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A new Eurobarometer survey finds that of all 28 EU members states, support for membership in the bloc in a Brexit-like referendum is weakest in Italy, where a Euroskeptic government is currently in power.

Expand chart
Adapted from Parlemeter 2018; Chart: Naema Ahmed/Axios

The big picture: The EU has seen a rise in Euroskeptic parties leading up to and continuing after the Brexit vote. But even as these parties accumulate power in countries like Italy, Hungary and the Czech Republic, the share of Europeans who would currently vote to leave the EU does not breach 40% in any country. Frustration with the bureaucracy of Brussels doesn't appear to be enough for any country to endure the procedural nightmare we've seen from Brexit negotiations.

  • Italy's populist coalition has clashed with the EU over its deficit-busting budget proposal. The migration burden Italy has taken on since 2015 has also fueled attitudes of discontent toward Brussels.
  • This poll shows the "Remain" camp in the U.K. 18 points ahead of "Leave" — contrasting sharply with the results of the Brexit referendum, which Leave won by close to 4%. But two and a half years later, demographic changes and the lack of a breakthrough on Brexit negotiations may have changed voter attitudes, causing frustration that peaked Saturday when 700,000 protesters marched through London calling for a "People's Vote."
  • Sweden, Germany and the Netherlands — despite seeing far-right parties make gains in recent elections — remain staunch believers in the European project.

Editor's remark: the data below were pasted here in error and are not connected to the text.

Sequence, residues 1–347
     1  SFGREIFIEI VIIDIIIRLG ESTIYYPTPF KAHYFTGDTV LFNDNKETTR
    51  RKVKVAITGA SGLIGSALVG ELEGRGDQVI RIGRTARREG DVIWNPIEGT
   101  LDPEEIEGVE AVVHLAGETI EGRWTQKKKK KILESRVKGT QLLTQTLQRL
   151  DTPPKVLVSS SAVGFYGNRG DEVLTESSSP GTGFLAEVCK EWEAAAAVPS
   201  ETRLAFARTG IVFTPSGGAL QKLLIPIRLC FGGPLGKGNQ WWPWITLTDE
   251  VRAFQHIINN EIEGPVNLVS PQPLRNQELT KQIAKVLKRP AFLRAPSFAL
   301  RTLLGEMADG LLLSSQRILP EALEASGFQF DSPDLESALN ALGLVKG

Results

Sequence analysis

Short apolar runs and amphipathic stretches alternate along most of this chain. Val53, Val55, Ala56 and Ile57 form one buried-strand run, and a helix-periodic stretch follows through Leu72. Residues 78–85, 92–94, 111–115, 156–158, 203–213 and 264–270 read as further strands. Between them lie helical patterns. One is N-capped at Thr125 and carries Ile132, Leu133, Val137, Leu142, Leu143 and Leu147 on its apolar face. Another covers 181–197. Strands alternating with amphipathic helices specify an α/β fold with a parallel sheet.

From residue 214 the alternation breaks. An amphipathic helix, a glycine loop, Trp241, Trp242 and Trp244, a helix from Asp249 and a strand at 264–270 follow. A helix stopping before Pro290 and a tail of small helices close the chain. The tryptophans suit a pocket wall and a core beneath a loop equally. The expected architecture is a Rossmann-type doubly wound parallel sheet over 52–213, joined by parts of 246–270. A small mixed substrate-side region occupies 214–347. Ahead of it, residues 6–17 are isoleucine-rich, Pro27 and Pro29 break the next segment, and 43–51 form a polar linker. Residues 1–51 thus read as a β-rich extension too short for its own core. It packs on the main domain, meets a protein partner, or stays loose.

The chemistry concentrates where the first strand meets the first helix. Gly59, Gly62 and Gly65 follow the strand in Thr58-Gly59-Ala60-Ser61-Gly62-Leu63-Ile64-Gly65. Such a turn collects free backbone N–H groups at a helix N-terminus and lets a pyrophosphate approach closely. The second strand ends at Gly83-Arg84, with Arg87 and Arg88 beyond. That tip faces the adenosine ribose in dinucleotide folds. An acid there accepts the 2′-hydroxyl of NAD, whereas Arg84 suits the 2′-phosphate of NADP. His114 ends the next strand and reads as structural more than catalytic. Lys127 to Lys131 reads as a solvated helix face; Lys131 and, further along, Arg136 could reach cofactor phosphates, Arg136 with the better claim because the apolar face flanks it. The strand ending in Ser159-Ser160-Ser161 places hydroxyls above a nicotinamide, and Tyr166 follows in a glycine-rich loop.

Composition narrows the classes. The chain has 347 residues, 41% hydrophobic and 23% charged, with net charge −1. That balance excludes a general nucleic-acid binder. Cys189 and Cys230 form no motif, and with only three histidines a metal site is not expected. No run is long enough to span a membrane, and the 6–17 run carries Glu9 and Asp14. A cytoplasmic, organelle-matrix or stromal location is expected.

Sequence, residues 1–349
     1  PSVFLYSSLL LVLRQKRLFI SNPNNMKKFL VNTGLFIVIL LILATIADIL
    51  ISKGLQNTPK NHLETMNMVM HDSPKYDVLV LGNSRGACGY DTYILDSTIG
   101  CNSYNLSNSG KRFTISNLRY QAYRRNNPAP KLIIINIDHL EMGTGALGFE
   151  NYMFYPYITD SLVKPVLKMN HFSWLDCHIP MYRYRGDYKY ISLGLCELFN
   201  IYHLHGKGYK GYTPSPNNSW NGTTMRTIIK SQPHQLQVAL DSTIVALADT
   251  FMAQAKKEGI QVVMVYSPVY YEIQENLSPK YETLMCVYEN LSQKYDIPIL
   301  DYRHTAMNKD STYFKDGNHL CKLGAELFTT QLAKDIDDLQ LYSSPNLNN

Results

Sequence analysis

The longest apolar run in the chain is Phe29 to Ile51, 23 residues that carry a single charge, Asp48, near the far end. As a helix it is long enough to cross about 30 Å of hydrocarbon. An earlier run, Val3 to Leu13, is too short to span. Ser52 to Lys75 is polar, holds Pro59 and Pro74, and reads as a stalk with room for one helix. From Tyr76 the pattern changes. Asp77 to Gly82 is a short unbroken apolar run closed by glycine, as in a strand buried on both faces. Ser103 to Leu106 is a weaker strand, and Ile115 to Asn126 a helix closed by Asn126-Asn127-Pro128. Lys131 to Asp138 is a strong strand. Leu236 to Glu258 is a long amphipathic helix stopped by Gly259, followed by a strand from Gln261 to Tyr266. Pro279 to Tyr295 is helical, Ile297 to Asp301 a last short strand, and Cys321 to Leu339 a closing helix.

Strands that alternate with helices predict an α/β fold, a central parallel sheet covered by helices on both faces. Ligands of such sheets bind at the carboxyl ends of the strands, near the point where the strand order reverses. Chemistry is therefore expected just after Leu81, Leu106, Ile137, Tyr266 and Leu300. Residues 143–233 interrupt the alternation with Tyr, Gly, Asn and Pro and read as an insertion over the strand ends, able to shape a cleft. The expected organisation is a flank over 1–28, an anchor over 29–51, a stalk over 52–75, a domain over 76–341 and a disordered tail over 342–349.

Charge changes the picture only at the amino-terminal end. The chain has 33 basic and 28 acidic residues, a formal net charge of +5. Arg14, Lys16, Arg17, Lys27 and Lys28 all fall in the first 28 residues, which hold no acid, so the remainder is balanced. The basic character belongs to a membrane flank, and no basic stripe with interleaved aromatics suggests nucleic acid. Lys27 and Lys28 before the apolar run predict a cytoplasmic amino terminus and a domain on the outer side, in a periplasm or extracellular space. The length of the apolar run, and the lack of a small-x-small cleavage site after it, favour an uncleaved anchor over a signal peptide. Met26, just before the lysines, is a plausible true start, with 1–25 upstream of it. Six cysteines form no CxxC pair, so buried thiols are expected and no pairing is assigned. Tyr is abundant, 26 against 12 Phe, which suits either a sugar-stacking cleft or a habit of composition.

What to watch: A possible coalition of Euroskeptics led by Hungary's Viktor Orban and Italy's Matteo Salvini could cause major problems for Brussels if they perform well in next May's European Parliament election.

Go deeper:

Go deeper

In photos: Protests outside fortified capitols draw only small groups

Armed members of the far-right extremist group the Boogaloo Bois near the Michigan Capitol Building in Lansing on Jan. 17. About 20 protesters showed up, AP notes. Photo: Seth Herald/AFP via Getty Images

Small groups of protesters rallied outside fortified statehouses over the weekend ahead of President-elect Joe Biden's inauguration Wednesday.

The big picture: Some protests attracted armed members of far-right extremist groups but there were no reports of clashes, as had been feared. The National Guard and law enforcement outnumbered demonstrators, as security was heightened around the U.S. to avoid a repeat of the Jan. 6 U.S. Capitol riots, per AP.

6 hours ago - Politics & Policy

Trump to issue at least 100 pardons and commutations before leaving office

Photo: Mandel Ngan/AFP via Getty Images

President Trump plans to issue at least 100 pardons and commutations on his final full day in office Tuesday, sources familiar with the matter told Axios.

Why it matters: This is a continuation of the president's controversial December spree that saw full pardons granted to more than two dozen people — including former Trump campaign chair Paul Manafort, longtime associate Roger Stone and Charles Kushner, the father of Trump's senior adviser and son-in-law, Jared Kushner.

  • The pardons set to be issued before Trump exits the White House will be a mix of criminal justice ones and pardons for people connected to the president, the sources said.
  • CNN first reported this news.

Go deeper: Convicts turn to D.C. fixers for Trump pardons

Schumer's m(aj)ority checklist

Senate Minority Leader Chuck Schumer. Photo: Tasos Katopodis/Getty Images

Capitalizing on the Georgia runoffs, achieving a 50-50 Senate and launching an impeachment trial are weighty to-dos for getting Joe Biden's administration up and running on Day One.

What to watch: A blend of ceremonies, hearings and legal timelines will come into play on Tuesday and Wednesday so Chuck Schumer can actually claim the Senate majority and propel the new president's agenda.